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For several decades America has been fed a steady diet of moral relativity, going back beyond Joseph Fletcher's Situation Ethics (1966). The teaching is that there are no moral absolutes. The theory contradicts itself in its opening statement, because one must absolutely accept that there are no moral absolutes. But, aside from its self-contradiction, the ethical philosophy asserts that morals are personal and individual. What is right for one person may not be right for another and what is sinful to one person may not be sinful to another. Each person becomes a moral law to himself and one cannot make absolute moral judgments.

Despite assertions that one believes in moral relativity, no one practices it consistently. Try applying moral relativity to such politically charged issues as racism. Does anyone believe that our media would tolerate moral relativity on racism? Is racism sinful for some individuals but acceptable for others? Is each individual allowed to decide for himself whether or not he will be racist and then everyone told not to judge (condemn) each other? Are we taught to be tolerant of racists or that racists shold be tolerant of those of us who choose not to be racists? In an era of moral relativity, the consistent application of the moral dictum would be acceptance and tolerance of racists and racism. But, the fact is that no one can practice moral relativity consistently. There are always some things that the moral relativist wants to say are always wrong -- whether it be racism or homophobia.

What moral relativism is reacting to is the Christian moral standard that teaches that ethics are determined by the revelation of God's Will. The moral relativist cannot accept that God revealed Himself and gave absolute moral laws to govern human conduct.

Nowhere is the conflict between moral relativity and Christianity more in conflict than in sexual ethics. The New Testament condemns as sinful fornication (1 Cor. 6:12-20), adultery (Rom. 13:9), homosexuality (1 Cor. 6:9; 1 Tim. 1:9,10), lustful leering (Matt. 5:27,28), etc. Modern ethics in America treat fornication as a rite of passage for those who enter puberty. Monogamy is thought to be its own punishment (because one does not "enjoy" sexual experiences with whomever he wishes). Homosexuality is the natural sexual expression of a segment of the population which is "programed" differently than the majority of humanity. One is to be concerned, not about homosexuality, but homophobia. Pornography is protected under the first amendment rights and men are expected to
look lustfully upon naked women. The Christian and moral relativism are two world views with conflicting ethics.

The result of modern relativity is that nothing is right or wrong. Who can unequivocally say that murdering a human being is wrong (think about abortion)? Who can say that stealing is always wrong? Who can say that adultery is sinful? Who can say drinking alcoholic beverages or experimenting with marijuana is wrong? On the other hand, who can say that loving one's neighbor is right and good, that helping the needy is a moral virtue, that honesty and marital fidelity are good? Are they not also just one's personal choice? The problem of moral relativity is that the philosophy blurs the lines between good and evil.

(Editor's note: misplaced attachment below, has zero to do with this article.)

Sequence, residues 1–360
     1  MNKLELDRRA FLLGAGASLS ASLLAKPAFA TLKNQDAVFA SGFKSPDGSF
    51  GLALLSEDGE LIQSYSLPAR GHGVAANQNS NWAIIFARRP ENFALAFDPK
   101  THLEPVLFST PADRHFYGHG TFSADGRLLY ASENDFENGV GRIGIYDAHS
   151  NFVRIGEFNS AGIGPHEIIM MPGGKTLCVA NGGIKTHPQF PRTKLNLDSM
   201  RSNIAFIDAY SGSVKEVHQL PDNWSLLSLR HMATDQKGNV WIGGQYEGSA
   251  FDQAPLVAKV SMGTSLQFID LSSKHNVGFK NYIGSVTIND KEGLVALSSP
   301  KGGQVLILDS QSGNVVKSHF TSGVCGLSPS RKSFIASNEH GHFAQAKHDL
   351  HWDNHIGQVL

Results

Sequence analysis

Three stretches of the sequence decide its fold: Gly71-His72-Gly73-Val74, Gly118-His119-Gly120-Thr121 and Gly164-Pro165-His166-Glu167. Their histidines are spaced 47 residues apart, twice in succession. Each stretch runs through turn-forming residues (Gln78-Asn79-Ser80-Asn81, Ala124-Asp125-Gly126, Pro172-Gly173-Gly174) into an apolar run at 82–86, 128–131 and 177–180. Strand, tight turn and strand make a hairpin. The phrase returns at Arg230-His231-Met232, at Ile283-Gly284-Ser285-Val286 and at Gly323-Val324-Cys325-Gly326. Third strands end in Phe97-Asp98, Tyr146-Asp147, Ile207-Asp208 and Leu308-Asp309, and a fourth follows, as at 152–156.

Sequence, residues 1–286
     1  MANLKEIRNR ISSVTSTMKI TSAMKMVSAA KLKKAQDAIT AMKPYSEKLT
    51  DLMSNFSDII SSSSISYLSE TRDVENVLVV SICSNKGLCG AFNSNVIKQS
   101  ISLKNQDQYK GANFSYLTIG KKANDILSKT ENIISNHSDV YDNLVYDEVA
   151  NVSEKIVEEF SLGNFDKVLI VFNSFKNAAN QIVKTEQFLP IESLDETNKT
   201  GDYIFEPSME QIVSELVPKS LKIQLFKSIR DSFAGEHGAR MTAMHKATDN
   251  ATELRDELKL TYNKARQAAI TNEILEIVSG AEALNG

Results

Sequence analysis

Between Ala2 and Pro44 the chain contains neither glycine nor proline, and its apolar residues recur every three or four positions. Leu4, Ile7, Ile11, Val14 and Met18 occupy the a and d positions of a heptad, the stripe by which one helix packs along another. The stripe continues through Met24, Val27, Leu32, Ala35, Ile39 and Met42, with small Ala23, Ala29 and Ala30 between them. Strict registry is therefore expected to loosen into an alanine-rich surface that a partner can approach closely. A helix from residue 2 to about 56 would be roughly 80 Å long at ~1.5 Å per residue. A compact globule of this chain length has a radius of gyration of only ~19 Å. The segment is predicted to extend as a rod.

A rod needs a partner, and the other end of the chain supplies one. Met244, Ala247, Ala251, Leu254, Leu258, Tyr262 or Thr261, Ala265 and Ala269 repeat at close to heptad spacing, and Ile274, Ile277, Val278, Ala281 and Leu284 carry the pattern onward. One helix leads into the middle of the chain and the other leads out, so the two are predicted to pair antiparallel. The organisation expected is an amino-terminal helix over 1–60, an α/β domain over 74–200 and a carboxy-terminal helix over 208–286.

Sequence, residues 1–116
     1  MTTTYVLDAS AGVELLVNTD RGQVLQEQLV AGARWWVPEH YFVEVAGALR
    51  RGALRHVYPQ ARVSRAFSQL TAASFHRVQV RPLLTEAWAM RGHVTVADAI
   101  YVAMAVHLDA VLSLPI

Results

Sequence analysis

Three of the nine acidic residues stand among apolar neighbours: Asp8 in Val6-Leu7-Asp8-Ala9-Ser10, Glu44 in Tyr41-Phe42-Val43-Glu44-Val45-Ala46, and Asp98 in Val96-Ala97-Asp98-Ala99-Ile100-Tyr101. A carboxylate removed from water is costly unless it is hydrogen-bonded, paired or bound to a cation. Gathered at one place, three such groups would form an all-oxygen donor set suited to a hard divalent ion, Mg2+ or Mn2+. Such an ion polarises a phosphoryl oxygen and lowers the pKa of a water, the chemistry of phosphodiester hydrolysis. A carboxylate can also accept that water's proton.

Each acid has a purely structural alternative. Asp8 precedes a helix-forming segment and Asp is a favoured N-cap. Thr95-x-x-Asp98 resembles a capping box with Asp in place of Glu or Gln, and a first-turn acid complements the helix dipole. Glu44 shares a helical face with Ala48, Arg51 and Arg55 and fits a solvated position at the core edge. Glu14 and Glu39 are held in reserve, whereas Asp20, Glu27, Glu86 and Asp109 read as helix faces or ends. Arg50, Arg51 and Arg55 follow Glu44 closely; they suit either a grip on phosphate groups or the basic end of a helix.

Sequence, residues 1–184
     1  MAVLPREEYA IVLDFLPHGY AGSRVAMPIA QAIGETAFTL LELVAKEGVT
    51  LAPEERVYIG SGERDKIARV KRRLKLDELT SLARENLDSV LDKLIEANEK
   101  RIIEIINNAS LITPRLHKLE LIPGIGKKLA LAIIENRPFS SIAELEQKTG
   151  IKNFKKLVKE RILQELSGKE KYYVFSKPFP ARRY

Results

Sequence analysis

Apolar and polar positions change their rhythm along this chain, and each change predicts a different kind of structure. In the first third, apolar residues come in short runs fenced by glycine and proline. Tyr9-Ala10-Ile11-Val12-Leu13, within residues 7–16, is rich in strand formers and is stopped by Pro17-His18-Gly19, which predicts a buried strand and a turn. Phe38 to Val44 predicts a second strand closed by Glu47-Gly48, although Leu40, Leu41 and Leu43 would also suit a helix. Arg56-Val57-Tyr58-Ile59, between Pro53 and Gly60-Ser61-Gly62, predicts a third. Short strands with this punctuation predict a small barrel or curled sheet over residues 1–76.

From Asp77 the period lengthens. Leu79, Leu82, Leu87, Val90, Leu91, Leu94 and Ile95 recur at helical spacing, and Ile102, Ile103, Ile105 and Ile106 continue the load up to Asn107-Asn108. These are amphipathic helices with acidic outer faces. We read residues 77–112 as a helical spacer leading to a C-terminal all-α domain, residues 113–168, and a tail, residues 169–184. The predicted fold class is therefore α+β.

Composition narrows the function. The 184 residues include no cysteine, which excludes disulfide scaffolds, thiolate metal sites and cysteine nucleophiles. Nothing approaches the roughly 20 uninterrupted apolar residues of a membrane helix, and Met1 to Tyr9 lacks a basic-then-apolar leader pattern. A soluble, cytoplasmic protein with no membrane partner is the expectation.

This blurring of moral standards has weakened society. Abortion on demand has led to disrespect for human life. Our society is actually arguing about whether or not partial birth abortions should be legal! In this reprehensible act, a doctor pulls a late-term baby out of the womb feet first until little but the head is inside the mother. Then he pokes forceps through the baby's skull and uses an instrument to suck out the brains and crush the skull. And our enlightened society cannot see anything wrong with the practice! The same moral relativity that introduced abortion on demand is now fighting for legalized euthanasia. Disrespect for life on both ends -- at birth and at the end of life -- has led to disrespect for life in the middle. We live in a society of drive-by shootings and almost nightly murders in major cities because a drug deal went bad or two people living together got in a fight. Our society is breeding pedophiles and child abusers.

Not until men become convinced that something is broken will they look for its cure. At the present, the majority seem to think that the moral relativity approach to ethics is better then the ethics of Christianity. But, men do not have to learn to be content in the society which is. There can be a better

The good news of the gospel is that society can be changed through the influence of the preaching of the gospel. Men and women can be taught moral responsibility to their Creator and given the revelation from God that reveals what is right and wrong. Men can be held accountable for their disobedience to God's Word with reference to "thou shalt not kill" (even with respect to abortion) the same as they are held accountable for their disobedience to the command, "Thou shalt not steal."

Those of us who were raised in an America that was deeply influenced by Christian ethics can remember the days when we left home without locking our doors, parked our car with the windows down because of how hot it was, thought that one who was unfaithful to his mate in marriage was guilty of immorality, and expected children to be reared by both of their natural parents. What was can become what is, if one will reject the world view of our age with its relative ethics and return to the Christian world view with its ethical teachings. What kind of society do you wish for your children and grandchildren?

By Mike Willis in Truth Magazine, Vol. 51, No. 3, March 2007.

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